Wayne State receives $1 million NSF grant to support commuter students in engineering
A team of Wayne State University faculty was awarded $1 million from the National Science Foundation’s Scholarships in Science, Technology, Engineering and Mathematics (S-STEM) initiative for a new program called ACCESS: Achieving Commuter Engagement and Success.
ACCESS aims to increase the retention and six-year graduation rates of targeted students while also providing insight to factors that affect how commuters engage with the campus community. By funding 84 scholarships over the next five years, ACCESS will support students who show high potential for success in STEM disciplines and wish to pursue a bachelor’s in engineering at Wayne State yet face unique challenges as commuter students with low-income socioeconomic status.
In addition to financial support, the program includes summer engineering boot camps; mentoring from peers, faculty and working engineers; and experiential learning through internships and co-ops.
“This project really has the heart of Wayne State in it, and it builds on the best of what our faculty and staff across campus are doing to promote the success of our students,” said Jeffrey Potoff, principal investigator on the ACCESS project and associate dean for academic and student affairs in the Wayne State University College of Engineering.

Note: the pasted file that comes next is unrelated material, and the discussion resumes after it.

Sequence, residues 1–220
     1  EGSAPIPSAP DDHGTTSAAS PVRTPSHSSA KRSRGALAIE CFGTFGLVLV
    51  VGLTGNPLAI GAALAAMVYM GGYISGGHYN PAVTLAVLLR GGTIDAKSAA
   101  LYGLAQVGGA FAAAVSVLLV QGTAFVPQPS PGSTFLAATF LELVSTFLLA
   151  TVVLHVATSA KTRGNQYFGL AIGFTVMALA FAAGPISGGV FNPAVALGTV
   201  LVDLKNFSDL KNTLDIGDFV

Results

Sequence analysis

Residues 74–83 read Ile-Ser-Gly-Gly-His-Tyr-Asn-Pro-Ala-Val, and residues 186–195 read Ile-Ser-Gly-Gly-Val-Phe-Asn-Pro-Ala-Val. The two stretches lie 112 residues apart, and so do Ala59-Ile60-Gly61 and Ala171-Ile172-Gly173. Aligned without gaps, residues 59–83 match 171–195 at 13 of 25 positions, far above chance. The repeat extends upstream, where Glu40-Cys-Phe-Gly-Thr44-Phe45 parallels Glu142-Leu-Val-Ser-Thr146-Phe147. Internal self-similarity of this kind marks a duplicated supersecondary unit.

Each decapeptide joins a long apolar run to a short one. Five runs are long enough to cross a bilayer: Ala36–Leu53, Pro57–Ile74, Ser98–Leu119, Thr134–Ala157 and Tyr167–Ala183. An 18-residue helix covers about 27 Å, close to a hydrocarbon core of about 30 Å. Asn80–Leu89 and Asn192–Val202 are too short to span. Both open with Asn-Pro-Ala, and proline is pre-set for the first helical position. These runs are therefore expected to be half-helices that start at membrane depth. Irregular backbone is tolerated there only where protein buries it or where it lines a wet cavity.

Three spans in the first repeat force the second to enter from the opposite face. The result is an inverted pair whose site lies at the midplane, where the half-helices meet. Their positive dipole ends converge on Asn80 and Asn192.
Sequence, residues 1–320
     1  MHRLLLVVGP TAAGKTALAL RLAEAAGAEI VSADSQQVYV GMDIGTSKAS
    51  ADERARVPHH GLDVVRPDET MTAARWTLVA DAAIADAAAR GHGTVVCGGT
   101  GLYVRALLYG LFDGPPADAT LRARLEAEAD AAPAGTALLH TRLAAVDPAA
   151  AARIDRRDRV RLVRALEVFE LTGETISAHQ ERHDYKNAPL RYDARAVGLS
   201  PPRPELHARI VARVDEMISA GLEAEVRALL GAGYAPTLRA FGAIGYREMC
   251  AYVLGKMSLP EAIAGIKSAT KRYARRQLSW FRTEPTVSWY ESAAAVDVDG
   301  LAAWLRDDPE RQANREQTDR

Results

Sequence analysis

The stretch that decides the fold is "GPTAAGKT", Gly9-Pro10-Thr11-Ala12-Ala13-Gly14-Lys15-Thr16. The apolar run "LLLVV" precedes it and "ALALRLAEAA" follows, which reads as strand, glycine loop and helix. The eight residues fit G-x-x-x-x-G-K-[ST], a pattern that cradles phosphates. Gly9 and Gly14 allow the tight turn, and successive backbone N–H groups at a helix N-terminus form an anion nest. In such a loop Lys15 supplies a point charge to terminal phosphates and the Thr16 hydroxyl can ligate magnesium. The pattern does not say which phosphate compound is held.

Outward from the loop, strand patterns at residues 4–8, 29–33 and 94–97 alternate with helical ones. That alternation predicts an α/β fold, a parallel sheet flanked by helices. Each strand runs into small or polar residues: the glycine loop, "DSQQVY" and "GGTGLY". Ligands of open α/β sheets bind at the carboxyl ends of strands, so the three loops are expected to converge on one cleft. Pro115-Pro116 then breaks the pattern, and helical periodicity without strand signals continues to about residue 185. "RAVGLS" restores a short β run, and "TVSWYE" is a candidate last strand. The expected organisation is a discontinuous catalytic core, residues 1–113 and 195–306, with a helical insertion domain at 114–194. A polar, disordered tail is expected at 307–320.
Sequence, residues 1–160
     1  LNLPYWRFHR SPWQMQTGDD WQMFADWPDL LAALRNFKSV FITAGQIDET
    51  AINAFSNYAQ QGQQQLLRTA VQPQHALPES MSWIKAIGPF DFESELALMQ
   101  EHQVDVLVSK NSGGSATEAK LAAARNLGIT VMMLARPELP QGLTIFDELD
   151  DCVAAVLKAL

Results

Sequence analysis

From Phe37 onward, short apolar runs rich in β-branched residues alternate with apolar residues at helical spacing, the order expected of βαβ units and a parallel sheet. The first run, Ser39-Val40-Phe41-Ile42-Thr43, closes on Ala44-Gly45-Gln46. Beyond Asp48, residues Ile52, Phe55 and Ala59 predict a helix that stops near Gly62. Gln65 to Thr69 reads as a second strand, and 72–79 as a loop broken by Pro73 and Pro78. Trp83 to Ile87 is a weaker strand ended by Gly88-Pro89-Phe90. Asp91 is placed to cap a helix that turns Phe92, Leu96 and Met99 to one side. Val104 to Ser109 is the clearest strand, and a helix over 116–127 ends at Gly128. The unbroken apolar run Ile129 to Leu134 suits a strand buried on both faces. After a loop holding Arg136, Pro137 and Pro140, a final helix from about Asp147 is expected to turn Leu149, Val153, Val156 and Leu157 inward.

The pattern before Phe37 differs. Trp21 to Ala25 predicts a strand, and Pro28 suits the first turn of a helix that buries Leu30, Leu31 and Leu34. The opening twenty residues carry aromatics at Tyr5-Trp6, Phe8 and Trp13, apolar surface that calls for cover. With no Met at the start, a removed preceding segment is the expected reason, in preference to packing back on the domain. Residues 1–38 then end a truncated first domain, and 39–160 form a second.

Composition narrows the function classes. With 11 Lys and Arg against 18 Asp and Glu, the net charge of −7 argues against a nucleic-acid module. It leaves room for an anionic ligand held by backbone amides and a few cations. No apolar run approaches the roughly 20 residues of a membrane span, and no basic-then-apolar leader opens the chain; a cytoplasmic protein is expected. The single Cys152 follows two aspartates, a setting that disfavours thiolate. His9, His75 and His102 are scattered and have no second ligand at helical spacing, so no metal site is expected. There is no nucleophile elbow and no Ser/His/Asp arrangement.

ACCESS is one of several initiatives the College of Engineering has established over the last few years to bolster student success. In 2015, the college received $1.2 million from the DTE Foundation to revamp EOS, a program that provides educational and mentoring support to first- and second-year engineering students. Ford Motor Company established an endowed scholarship to support economically challenged engineering students, and Wayne State faculty have implemented evidence-based teaching innovations for basic engineering, engineering technology and computer science through a number of NSF-funded S-STEP awards.
“Our students are extremely hardworking and dedicated to the pursuit of their engineering degrees,” said Potoff. “We are equally dedicated in our efforts to provide our students with the highest quality experience both inside and outside the classroom.”
Co-principal investigators on ACCESS include Michelle Jacobs, assistant professor of sociology; Marcis Jansons, associate professor of mechanical engineering and director of early engineering programs; and Mohsen Ayoobi, assistant professor of engineering technology. The grant number for this National Science Foundation award is 1742486.